SCARBOROUGH — Thirty towns and cities in Maine are required to have Clean Water Act permits for discharging stormwater to local waterways; Scarborough is one of them. The Town Council scheduled a workshop for Feb. 2 to discuss permit changes when a new permit comes online July 1.

Some of the nearby communities that are subject to a Clean Water Act permits are Saco, Gorham, South Portland, Cape Elizabeth and Portland.

In addition to requirements all 30 towns must comply with under their permits, Scarborough has town-specific ones.

Scarborough has a minimum of requirements under the permit which include: educating the public and municipal staff and officials about polluted runoff and how to reduce pollution; providing the public an opportunity to participate in Scarborough’s stormwater program; identifying and eliminating illegal sewer connections, dumping into storm drains, and other sources of pollution; carrying out long-term maintenance and mapping of all stormwater infrastructure; ensuring that construction on both public and private property does not impact water resources; implementing new development and redevelopment stormwater ordinances, and encouraging developers to utilize techniques to reduce the impact of development on water resources; and preventing pollution from municipal operations and facilities, and educating municipal staff about practices to reduce polluted runoff.

In addition to these minimum steps, Scarborough is also required to protect and restore the town’s polluted water bodies.

“One major component of the Scarborough permit is to improve our impaired waterways” according to a Jan. 28 memo to the council from Town Engineer Angela Blanchette. “Scarborough has three streams that are listed as ‘urban impaired’ by the Maine Department of Environmental Protection, which means that pollution levels in these waterways make it difficult for stream life to survive. Scarborough’s urban impaired streams are Long Creek, Phillips Brook, and Red Brook.”


Long Creek, is located near the Maine Mall Area. Scarborough is a member of the Long Creek Watershed Management District, a public-private partnership that aims to restore the stream. Scarborough has two representatives on the LCWMD Board, which implements studies, projects, and review of development plans within the watershed.

Phillips Brook is located in the Dunstan Corner area of town. A Watershed Management Plan for Phillips Brook was completed in 2018. In 2019, the Town received an $115,000 grant from DEP and the Environmental Protection Agency to begin implementing the plan. Through the grant, the Town will restore a portion of the brook that runs adjacent to the Payne Road Public Works laydown yard. Despite delays caused by the COVID-19 pandemic, the DEP granted an extension, and work is scheduled to wrap up at the end of this year. In addition to restoration work, the Town is required to implement additional measures to comply with its Clean Water Act permit, which include:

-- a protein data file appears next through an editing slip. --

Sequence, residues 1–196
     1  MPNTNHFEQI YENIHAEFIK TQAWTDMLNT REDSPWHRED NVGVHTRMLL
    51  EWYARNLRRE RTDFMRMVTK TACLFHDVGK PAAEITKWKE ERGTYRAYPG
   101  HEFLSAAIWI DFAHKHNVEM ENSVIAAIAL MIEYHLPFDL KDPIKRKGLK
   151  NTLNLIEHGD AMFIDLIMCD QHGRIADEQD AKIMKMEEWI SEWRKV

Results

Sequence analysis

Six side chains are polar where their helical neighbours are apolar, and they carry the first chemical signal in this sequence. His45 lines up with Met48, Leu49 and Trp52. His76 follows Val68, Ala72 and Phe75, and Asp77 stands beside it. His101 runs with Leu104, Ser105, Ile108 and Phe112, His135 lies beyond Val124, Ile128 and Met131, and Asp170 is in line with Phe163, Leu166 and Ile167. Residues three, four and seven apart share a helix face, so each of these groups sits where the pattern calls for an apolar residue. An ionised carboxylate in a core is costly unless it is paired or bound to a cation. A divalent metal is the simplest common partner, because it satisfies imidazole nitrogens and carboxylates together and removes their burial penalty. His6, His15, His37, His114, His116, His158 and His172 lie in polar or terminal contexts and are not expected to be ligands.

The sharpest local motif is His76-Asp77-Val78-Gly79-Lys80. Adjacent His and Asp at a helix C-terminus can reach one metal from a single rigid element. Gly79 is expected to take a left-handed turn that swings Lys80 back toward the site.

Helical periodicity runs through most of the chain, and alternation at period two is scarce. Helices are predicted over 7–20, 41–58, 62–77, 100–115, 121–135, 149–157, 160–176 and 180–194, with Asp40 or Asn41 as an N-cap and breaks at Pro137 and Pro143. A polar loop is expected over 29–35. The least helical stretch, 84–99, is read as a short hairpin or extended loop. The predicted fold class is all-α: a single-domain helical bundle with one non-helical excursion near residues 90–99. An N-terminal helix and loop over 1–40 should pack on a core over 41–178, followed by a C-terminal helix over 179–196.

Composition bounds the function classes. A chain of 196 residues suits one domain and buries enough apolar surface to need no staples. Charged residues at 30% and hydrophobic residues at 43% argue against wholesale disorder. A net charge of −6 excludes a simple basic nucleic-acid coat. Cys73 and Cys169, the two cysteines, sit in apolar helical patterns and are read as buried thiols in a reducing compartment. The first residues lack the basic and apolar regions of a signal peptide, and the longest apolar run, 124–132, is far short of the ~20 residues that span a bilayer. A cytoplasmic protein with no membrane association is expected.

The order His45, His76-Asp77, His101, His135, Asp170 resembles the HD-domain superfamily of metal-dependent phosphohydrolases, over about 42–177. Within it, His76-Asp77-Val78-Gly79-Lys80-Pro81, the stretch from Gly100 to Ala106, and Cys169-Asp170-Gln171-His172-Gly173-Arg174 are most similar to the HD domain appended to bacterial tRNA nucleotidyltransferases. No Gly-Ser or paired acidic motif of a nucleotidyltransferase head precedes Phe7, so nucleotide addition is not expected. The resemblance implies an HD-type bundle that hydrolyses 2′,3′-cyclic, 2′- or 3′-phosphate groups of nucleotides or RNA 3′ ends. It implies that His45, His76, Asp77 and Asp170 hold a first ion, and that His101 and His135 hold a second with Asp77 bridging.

• Establish a stream protection overlay zone along the stream corridor;

• Provide community education to Phillips Brook watershed residents about maintaining and enhancing vegetation along the streambanks, and;

• Provide outreach to winter maintenance contractors about salt-reducing winter maintenance

Red Brook is located near South Portland along the Payne Road corridor and I-295 spur.  The Red Brook Watershed Management Plan was completed in 2011. Like the Phillips Brook plan, the Red Brook Watershed Management Plan outlines specific projects and actions the Town should take to restore the health of the Brook. The Town received a grant from the DEP and EPA to begin plan implementation in 2015. Work completed under the grant included replacing two culverts, retrofitting one stormwater treatment system, and conducting outreach to businesses within the watershed. The grant was successfully completed in 2017. The Town is also required to implement additional measures in this watershed to comply with its new Clean Water Act permit, including:


• Work collaboratively with the City of South Portland to monitor the Brook’s water quality;

• Use the water quality data to develop an amendment to the 2011 Watershed Management Plan that outlines additional actions needed to restore water quality, and;

• Provide outreach to winter maintenance contractors about salt-reducing winter maintenance practices.

“Through the cooperation of many Town Departments and support of municipal leadership, the Town is able to meet our clean water goals,” Blanchette said. “The Town is required to continue its stormwater program indefinitely, and stream restoration work will be ongoing into the future.”

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